For Iceland and values for the first four lags are generally higher in the east- West Greenland. In the case of the Newfoundland region. Relationships between SST and Atlantic cod recruitment perature vary considerably within the Newfoundland area. November 01. Note the persistence of temperature anomalies over 5-month periods that recruitment anomalies for West Greenland are plotted on a (such as the February–June period selected for comparison with distinct scale due to the higher variability in recruitment in this recruitment data).58 25 21 plays a sharp decrease and is already close to zero at lag Note: ns.38* 0.98 33 32 similar. son between temperature and recruitment (see next section). late interannual changes in temperature is critical. 2.43 38 31 4 months. In New- are highlighted in the figure. the correlation at lag 1 month is the Iceland 0. recruitment varied by up to a factor of positive value and decreases towards zero. 3. Northeast Arctic 0.13 ns –0. lies in each region.05 ns –0. Regional connections between temperature and lected are much lower. as they correspond to the per. not significant. 1999 10:47:13 AM . Table 3 shows the correlation coefficient. even if based on a different set of months (warm Irish Sea –0. in the New- for each stock and N2 is the adjusted sample size estimated from the method of Quenouille (1952) (see Materials and methods section for foundland region the choice of the months retained to calcu- details).98 27 (29) winters generally coincide with warm springs. **p < 0.08 ns –0. which the temperature is averaged is critical to the resulting original and corrected sample size. The ACFs for the other regions display various patterns between the two extremes.05. region.54** –0. This indicates that interannual fluctuations in tem.92 40 31 In the Barents Sea.93) and it remains the highest when inte- Faeroes –0. For Newfoundland –0. ACF for the time series of monthly temperature Fig. but the level of correlation varies between stocks. The average correlation over the four lags is also indicated Stock r β N N2 as an index of persistence of the temperature anomaly. both cases the correlations are positive and high. The first four lags 1000 with temperature fluctuations of about 2°C. In New- foundland. Spearman correlation coefficient (r) and regression slope equivalent to the February–June period chosen for compari- (β) between temperature and log2 recruitment of Atlantic cod. It can be noted that the mean autocorrelation ent subareas have followed parallel patterns. For each area.). *p < 0.Color profile: Disabled Composite Default screen Planque and Frédou 2073 Fig. the autocorrelation dis- Celtic Sea –0. the amplitude of changes in temper- sistence of a temperature anomaly for a period of 5 months. often close to zero and sometimes recruitment negative.43 31 (33) all regions.41 43 35 highest (ACF1 = 0. etc.81). The lines correspond to the fit of a nonparametric 4 months (indicated by the solid circles) and is an indicator of regression (see Materials and methods section for details). In contrast with the Barents Sea. for each stock together with the linear regression fit.23 ns 1. the choice of area over rank correlation. ature is lower (<1°C) and recruitment varied by up to a © 1999 NRC Canada J:\cjfas\cjfas56\CJFAS-11\F99-114. Scatterplots of log2 recruitment of Atlantic cod against anomalies for the nine areas in the North Atlantic.vp Monday.42* 0. parametric regression for each stock.01 18 18 the interannual variability in temperature is likely to remain North Sea –0. N is the sample size 3 months. the ACF starts with a In West Greenland. the ACFs show a marked decline during the first West Greenland 0. Fig. only two subareas were compared and in ern than in the western part of the North Atlantic. and slope of the non- temperature time series.42* –0. cruitment anomalies plotted against temperature anomalies ure 2 shows the ACFs based on monthly temperature anoma.01.18 ns –0.02 34 26 grated over 4 months (ACF1–4 = 0. Parentheses in the N2 column indicate when N2 is greater than N. The value in temperature (February–June) for the nine stocks in the North parentheses is the mean autocorrelation value from lag 1 to Atlantic. foundland and Faeroes. This indicates that Georges Bank –0. It for the nine stocks have been assessed using Spearman’s also suggests that in this region. Figure 3 shows log2 re- Temporal heterogeneity was assessed for all regions. Table 3. correlation values between the five subareas se.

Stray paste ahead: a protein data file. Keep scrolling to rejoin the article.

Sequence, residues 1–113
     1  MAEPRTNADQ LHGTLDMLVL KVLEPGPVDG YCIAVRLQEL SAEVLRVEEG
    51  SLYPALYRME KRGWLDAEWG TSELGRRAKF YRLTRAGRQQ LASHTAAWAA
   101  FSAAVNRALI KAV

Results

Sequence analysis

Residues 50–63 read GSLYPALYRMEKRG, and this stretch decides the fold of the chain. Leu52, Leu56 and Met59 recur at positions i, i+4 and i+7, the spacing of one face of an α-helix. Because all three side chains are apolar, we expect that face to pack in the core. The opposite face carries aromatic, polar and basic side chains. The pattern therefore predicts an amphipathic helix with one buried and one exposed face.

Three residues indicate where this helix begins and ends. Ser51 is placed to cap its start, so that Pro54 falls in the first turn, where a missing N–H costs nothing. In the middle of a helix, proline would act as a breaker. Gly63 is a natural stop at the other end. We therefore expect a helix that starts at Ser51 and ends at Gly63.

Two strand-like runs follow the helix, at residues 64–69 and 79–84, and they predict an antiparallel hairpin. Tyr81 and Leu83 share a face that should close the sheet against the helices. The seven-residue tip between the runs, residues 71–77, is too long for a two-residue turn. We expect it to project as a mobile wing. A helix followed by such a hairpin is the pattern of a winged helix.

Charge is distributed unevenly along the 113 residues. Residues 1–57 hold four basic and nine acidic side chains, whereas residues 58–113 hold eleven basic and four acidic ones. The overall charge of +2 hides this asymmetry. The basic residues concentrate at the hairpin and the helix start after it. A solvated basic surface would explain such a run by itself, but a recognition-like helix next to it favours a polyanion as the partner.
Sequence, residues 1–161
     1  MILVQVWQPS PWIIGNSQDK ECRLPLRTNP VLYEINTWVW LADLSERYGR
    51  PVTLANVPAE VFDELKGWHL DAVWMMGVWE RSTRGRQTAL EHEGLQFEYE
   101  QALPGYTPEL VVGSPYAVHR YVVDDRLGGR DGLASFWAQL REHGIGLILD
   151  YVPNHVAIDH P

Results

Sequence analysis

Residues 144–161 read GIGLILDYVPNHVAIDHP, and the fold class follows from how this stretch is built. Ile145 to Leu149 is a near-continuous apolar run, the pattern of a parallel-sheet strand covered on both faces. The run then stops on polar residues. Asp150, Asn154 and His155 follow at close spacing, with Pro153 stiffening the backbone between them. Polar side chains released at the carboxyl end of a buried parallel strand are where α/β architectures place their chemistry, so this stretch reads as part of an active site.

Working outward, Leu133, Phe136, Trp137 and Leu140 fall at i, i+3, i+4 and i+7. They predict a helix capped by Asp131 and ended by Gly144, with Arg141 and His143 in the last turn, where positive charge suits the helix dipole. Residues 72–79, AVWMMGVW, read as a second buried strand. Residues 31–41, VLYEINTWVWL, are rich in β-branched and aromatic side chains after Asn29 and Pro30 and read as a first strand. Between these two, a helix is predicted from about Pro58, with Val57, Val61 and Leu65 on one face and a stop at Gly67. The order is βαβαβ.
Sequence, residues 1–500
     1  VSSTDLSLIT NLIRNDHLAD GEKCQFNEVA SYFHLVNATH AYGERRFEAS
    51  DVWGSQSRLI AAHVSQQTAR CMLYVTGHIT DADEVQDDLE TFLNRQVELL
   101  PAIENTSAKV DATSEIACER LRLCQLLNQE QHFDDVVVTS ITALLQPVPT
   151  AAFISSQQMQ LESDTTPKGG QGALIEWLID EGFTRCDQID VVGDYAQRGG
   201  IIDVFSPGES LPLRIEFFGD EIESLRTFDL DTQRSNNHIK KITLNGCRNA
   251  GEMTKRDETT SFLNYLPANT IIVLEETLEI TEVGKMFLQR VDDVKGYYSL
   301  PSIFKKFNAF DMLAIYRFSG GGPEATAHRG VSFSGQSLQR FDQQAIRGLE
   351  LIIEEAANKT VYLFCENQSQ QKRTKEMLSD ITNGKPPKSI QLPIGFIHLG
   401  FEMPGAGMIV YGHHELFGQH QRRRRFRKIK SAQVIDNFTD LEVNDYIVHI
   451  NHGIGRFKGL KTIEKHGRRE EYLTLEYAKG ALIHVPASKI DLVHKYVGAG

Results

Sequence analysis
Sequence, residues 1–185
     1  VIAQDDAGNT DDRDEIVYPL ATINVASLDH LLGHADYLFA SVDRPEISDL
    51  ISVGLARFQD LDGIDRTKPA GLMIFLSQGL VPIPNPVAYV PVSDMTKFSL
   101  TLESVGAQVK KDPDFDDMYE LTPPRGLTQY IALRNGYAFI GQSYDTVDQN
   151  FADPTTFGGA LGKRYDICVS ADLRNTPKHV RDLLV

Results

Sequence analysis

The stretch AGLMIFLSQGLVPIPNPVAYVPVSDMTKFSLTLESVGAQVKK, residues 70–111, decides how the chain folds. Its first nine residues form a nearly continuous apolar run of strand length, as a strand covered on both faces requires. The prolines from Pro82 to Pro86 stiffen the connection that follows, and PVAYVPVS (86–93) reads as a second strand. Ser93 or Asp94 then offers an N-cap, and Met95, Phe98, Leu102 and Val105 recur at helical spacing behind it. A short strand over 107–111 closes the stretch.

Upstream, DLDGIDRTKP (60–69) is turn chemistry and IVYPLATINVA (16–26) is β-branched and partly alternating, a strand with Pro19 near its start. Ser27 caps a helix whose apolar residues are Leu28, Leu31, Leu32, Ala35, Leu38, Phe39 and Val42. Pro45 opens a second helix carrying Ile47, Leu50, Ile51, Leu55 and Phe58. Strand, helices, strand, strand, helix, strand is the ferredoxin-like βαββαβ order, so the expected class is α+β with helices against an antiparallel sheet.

it is tions in recruitment despite a larger range in temperature reasonable to assume that the effect of temperature on the variation (about 4°C). we are left Discussion with the observation that for the Celtic Sea and Georges Bank stocks (stocks located at the warm limit) and for the In their demonstration of the relationship between stock West Greenland and Newfoundland stocks (cold limit) the and recruitment levels. Georges Bank. In this study. J. The data are stock (Hutchings and Myers 1994b. change: a positive relationship in cold waters. Faeroes. 4 that the northern cod stock (Newfoundland) stands out of this general pattern. as shown by the correlations in Table 2. however.vp Monday. In the case of the northern cod stock. several populations. First. 1999 Fig. BA. 2. several assump- tions were made: (i) the area over which temperature is aver- aged is representative of the area of distribution of the Atlantic cod stock. r = –0. CE.83 and the statistical significance is greatly improved Positive relationships (increase in Atlantic cod recruitment with p = 0. Sci. recommended that general hypotheses on recruitment should sults alone that a gradual change in the temperature–recruitment be tested with a similar approach. determined by a bootstraping procedure. it is often not possible to conclude that a Atlantic. West Greenland. using data sets from relationship does exist. Second. GB. tween β distributions and mean bottom temperature reaches and Iceland at p < 0.Color profile: Disabled Composite Default screen 2074 Can. It is clear. and (iii) recruitment has not been affected by exceptional forcing that would have masked the effects of temperature. Iceland. NS. This indicates that the null hypothesis (effect of temperature on recruitment is independent of mean temperature) can be rejected. FA. recruitment relationship was assessed by testing the exis- tence of a link between the regression line slope β and the mean bottom temperature of each stock. the estimate of β for the northern cod stock is tistical significance of the relationships is generally low (Ta- highly uncertain and it would be appropriate to treat this ble 3). The apparent trend is for β to be positive for stocks located in cold waters and gradually decrease to negative values for stocks in warm waters. there is a high degree of factor of 30. Vol. For each stock. the link is estimated by the slope of the relationship between temperature and recruitment exists. In the Celtic Sea. and the sta- consequence. These results show that interannual recruitment of Northern cod have been masked by the dra- changes in recruitment are generally large and that the am- matic reduction in SSB that preceded the collapse of the plitude of these changes varies among stocks. Figure 4 shows the distributions of β against the mean bottom temperatures. Aquat. Celtic Sea. and Newfoundland. correlations are not significant. it is difficult to conclude from the correlation re. Irish and the gradual change in the nature of the temperature– Sea. In also highly scattered around the regression lines.0016. The rank correlation between β distributions and mean bottom temperature is r = –0. (ii) the temperature anomaly signal does not vary substantially within the 5-month period over which it is averaged. as demonstrated in Fig. stock is removed from the analysis. ses fail to give significant answers. November 01. When performing the calculation of β . as expected. Boxes and lines indicate the 50 analysis is to combine the data from all stocks in a single and 95% limits of the empirical distribution of the slopes. Link between SST and recruitment plotted against mean tionships and (ii) for stocks located at the cold and warm bottom temperature for nine Atlantic cod stocks in the North temperature limits. For temperate waters the value of β is close to zero. North Sea.01. Barents Sea. IR. Newfoundland (northern cod). The stock of Georges Bank shows similar varia- intermonth variability. Fish. the rank correlation be- Correlations are significant in the North Sea. Stocks: NE. However. WG. West Greenland. Later. Myers and Barrowman (1996) illus- correlation analysis cannot reject the null hypothesis that no trated how powerful metaanalysis can be when single analy- relationship between temperature and recruitment exists. Third. IC.59 and the associated probability is p = 0. the spatial homogene- ity in temperature in this area is extremely low. from Fig. 4.027. Transatlantic connection Barents Sea (Northeast Arctic cod). whereas negative relationships are signifi- cant in the Irish Sea and North Sea.05 and in the Irish Sea at p < 0. we present a metaanalysis The conclusions of the stock-by-stock correlation analysis of data on nine cod stocks and show that the relationship are that (i) there is a high degree of scatter in the data that between temperature and recruitment follows a gradual results in difficulty in obtaining statistically significant rela. Faeroe Results from all stocks were combined in a single analysis Islands (Faeroes). 1997). When the northern cod Bank. 56. Myers et al. these three assumptions are violated. Georges stock separately from the others. transatlantic analysis. 1999 10:47:15 AM . no relation- © 1999 NRC Canada J:\cjfas\cjfas56\CJFAS-11\F99-114. at high temperature anomalies) are significant in the Barents Sea and Iceland. Myers (1998) Therefore. nonparametric regression (β from Table 3) represented by the One way to overcome the limitation of the above correlation horizontal line within the box.